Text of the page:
Contemplations for the New Year - Part 5: It's time to start being the Grown Up


We've all heard the quips about "adulting"...and the underlying joke is true. It's hard to be an adult, to do the adult things that keep the world going.

But in the last few months I've been struck by the difference between "adulting" and being a grown up. Here's how I play out the difference between them in my head.

Adulting is just doing the things - keeping your kitchen sink pretty clear of dirty dishes, washing your clothes often enough that you've got something clean to wear (most days), getting to work on time, paying all the bills, generally making sure all those functional "shoulds" get done. 

It's often more like work than play, it's sometimes really hard to muster up the energy for it and it can sometimes feel like there's just a never-ending list of these types of to-do's in your life. Specially once you have a family. 

On the other hand, being a grown-up is about maturity. Adulting to-do's can be carried out without any maturity. Being a grown-up can't. 

And maturity is a funny thing to define. I've been told I am "mature for my age" from the time I was a teenager. Perhaps this was maturity, or perhaps just an over-developed sense of responsibility. They can look similar, specially in the young.

But real maturity is an emotional maturity. 

While "adulting" deals with hard things outside oneself, emotional maturity is the dealing with hard things within oneself. And the hardest things we have to deal with, within ourselves, are emotions. 

Learning to feel your feelings (which doesn't mean acting on them, necessarily) is hard. Feeling the hard feelings is one of the core elements of maturity, and growth, and wisdom.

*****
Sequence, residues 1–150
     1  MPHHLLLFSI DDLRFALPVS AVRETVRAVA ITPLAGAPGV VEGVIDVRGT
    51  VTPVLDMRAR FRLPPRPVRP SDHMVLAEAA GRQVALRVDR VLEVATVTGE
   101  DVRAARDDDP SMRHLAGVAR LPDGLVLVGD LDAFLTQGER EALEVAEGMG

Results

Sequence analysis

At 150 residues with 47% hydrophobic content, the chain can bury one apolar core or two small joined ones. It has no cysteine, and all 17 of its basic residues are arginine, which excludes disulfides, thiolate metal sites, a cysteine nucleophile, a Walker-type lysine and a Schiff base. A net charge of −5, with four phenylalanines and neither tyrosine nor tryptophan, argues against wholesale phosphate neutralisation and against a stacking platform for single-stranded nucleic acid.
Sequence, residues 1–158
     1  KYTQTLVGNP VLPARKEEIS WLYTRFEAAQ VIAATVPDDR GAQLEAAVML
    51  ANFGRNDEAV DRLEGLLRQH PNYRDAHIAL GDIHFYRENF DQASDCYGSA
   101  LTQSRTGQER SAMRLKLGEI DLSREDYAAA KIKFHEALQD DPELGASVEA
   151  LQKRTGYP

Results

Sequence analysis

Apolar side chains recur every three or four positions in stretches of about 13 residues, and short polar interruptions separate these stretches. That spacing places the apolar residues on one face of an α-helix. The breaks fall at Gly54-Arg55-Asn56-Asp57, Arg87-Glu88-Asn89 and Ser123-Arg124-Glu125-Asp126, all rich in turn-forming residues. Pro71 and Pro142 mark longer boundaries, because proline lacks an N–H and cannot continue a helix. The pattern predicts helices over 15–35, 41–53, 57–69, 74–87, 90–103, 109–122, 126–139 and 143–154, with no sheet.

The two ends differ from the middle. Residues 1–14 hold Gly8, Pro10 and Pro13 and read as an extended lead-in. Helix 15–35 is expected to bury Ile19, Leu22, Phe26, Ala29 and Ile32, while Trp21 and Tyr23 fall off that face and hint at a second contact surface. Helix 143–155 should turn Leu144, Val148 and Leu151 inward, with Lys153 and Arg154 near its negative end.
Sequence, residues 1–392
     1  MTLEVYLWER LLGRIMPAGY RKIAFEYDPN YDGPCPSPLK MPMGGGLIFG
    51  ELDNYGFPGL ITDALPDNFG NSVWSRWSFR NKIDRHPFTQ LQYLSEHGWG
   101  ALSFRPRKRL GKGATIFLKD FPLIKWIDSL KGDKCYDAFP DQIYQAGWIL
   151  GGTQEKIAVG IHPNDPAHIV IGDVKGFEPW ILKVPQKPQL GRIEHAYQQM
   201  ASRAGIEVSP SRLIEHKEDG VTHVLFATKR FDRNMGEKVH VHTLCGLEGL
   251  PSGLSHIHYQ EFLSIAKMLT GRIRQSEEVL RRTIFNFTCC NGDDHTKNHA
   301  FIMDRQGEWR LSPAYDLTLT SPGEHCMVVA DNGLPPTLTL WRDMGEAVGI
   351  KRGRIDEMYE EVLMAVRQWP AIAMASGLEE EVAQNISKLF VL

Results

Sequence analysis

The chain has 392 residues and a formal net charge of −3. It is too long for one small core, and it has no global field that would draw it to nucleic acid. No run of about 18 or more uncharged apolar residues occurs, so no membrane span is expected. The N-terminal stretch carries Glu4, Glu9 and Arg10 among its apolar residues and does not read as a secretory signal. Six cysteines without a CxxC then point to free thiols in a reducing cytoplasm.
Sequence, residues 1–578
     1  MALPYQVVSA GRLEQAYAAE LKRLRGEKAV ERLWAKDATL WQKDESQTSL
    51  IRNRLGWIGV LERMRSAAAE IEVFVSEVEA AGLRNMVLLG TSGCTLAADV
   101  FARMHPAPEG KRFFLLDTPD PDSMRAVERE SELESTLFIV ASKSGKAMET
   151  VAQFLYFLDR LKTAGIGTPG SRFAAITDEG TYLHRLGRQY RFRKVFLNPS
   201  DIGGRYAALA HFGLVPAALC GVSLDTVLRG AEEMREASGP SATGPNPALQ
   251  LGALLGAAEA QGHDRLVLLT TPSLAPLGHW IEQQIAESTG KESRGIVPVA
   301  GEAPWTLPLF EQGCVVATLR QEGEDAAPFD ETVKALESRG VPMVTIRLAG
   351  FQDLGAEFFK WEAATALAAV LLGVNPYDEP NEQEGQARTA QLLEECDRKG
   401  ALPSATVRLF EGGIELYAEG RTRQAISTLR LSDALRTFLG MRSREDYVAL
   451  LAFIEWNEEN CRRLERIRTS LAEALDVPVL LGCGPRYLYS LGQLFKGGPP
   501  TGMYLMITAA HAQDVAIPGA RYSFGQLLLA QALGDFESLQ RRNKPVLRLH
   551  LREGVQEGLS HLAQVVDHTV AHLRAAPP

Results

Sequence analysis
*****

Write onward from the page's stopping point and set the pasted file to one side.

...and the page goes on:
Perhaps we need to get to at least middle age before we care about developing maturity and wisdom...perhaps it takes this long to have lived enough life to see what immaturity really looks like, how it plays out in workplaces, relationships, finances, addictions and any other major part of life.

I wrote yesterday about spiritual health being fundamentally rooted in emotional health. This could also have been written as seeking to be a grown-up. 

I'm facing some areas of my life where I can see I have opted to not be a grown-up, and which have taken their toll on me because of it. It was easier, lighter (for a while) and had some superficial pay-offs. But those choices always cost you more in the end...and in relationships, they can cost you dearly.

So I find myself looking into 2023 with my inner grown-up saying "It's time, Naomi. You know the path, it's the hard but healthy one, and you know that being the grown-up will feel so much better, even if it hurts to feel those feelings, for a while."

Can you identify areas of your life that need a little more of your inner grown-up? 

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